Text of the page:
"This person's human dignity is fundamentally violated"? How do you figure that? If, in fact, that person's situation is in no way different than that of an identical twin, then it would seem to me that you are basing this violation on acts performed before the child was even conceived, much less born. Isn't Christianity big on the cleansing of Original Sin?

These people would be treated as less than human simply because of the argument you're making here. This is at worst tautological; at best, it's a specious argument. They will be treated as they will because of the preconceptions of those who will interact with them. Thus, arguments such as these serve to essentially guarantee their ill treatment by claiming irrefutably their 'difference' from other human beings.

Different isn't what an argument says it is. Different is how you feel. If no-one tells you, or tells your friends or others, that you are a clone, you won't feel any different. If the fact is revealed to you years later and there is no social stigma attached, you might feel 'different' - but how so less than maybe an adopted child discovering their origin? What matters is how you were raised and loved; how you were taught, how you were disciplined and exhorted, how well your body functions whether from genetic or teratogenic indicators, and thousands of other things between your parents or guardians and yourself.

The origin of your genetic code, especially if it's verifiably that of one of your parent's, is completely irrelevant to the physiological and emotional development of your personality unless others around you make it relevant. Think carefully before arguing this; it smacks of 'preparing the way for discrimination.' And, lest we think it's argued for charitable purposes, remember that pity can be the worst discrimination of all.

How about if I was cloned because my parents found that their combined genomes carried an incredibly high risk of genetic disease or disorder if merged? What then? Has my 'human dignity' been violated? If these people are anyone I'd want as a parent, they would decide that the health of their child is more important than the presence of the bloodline of one of them; this decision is made every day by those using donated sperm and/or eggs, or those adopting children.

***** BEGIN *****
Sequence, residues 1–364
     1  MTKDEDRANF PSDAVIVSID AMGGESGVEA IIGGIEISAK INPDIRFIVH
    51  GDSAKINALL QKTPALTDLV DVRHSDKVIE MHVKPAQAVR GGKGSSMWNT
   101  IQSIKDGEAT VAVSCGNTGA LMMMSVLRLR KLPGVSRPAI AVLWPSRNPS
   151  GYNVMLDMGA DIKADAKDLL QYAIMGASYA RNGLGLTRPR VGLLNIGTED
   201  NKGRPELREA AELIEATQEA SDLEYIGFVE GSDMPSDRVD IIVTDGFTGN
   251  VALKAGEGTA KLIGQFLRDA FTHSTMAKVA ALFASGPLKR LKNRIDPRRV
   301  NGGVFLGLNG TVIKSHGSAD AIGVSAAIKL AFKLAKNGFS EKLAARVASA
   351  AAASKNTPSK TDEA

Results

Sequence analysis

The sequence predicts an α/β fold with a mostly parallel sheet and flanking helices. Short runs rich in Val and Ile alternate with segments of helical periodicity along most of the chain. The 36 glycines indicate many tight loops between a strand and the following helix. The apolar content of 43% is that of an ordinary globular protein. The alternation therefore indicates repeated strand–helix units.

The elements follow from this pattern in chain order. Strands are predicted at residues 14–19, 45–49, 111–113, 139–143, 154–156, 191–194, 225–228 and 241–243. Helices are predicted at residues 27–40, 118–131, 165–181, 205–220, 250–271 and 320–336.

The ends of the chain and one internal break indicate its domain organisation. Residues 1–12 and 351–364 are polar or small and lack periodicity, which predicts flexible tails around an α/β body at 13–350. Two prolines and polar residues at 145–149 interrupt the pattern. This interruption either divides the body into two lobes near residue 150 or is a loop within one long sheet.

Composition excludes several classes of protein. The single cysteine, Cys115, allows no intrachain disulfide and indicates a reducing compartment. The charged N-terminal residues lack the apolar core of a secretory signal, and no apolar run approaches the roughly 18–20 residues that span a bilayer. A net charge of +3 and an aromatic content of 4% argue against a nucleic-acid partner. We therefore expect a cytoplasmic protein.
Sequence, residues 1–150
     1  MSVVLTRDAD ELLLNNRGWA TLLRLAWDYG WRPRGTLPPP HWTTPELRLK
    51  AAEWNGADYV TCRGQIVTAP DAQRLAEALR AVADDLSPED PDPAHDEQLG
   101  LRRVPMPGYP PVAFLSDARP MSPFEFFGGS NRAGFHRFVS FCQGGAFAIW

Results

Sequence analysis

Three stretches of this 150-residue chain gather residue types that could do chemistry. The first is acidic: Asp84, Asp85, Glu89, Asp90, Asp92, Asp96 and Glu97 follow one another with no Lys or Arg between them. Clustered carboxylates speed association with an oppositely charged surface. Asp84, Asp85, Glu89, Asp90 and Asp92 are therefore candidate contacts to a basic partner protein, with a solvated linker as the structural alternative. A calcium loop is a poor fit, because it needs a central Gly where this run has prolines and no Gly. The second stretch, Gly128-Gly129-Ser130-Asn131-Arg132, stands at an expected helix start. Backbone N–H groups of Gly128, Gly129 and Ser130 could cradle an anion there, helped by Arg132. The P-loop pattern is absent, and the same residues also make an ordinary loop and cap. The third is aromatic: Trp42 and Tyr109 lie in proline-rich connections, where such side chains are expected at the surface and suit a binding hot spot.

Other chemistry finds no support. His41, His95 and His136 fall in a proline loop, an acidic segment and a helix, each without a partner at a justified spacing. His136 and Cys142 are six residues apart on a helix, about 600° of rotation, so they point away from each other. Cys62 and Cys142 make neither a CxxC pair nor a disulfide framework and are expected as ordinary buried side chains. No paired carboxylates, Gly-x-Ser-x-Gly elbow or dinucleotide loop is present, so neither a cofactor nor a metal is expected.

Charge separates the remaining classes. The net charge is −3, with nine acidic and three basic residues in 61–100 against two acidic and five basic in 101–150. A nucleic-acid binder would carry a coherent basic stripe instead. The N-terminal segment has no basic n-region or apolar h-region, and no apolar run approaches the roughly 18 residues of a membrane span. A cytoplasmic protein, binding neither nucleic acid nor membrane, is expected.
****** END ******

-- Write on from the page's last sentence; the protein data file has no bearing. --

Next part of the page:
If you ask me (which I know you didn't) the attempt by other humans to decide whether I, as a person, have a soul is far more of a violation of my dignity than anything I can imagine being done to my genome other than intentional destruction.


Although I don't think this is the case here, it bothers me when people argue a position with phrases like '(x) is indeed seriously evil' and then claim that they are simply reporting on a higher authority's position. If you are indeed doing so, claim that at the top of the argument and avoid subjective phraseology. If, however, you are posting something which you believe in no matter what the origin (and you state that people ask you about this, so you must believe in the answer enough to pass it on unless you're a hypocrite, which you don't seem to be to me), then by your acceptance and endorsement, you have expressed an opinion on the contents.

Finally, posting something here on Everything to inform people of a particular faith what that faith teaches is almost an oxymoron. If you're going to post it here, it's going to be argued here, with you, the poster; we're not going to launch into an email debate with the Holy See, now, are we? Finally, given the highly obviously diverse nature of this place, you must assume that anything you post is going to be evaluated from a large number of viewpoints. Note that Zanth appears quite ready for the discussion, meaning this was indeed considered.


Zanth: Thanks. Sorry for the slightly over the top reaction. I put this here to inform all who join this argument late that Zanth has behaved like a true noder in /msg-ing for clarification and disagreement; I'm pleased to have had the quibble!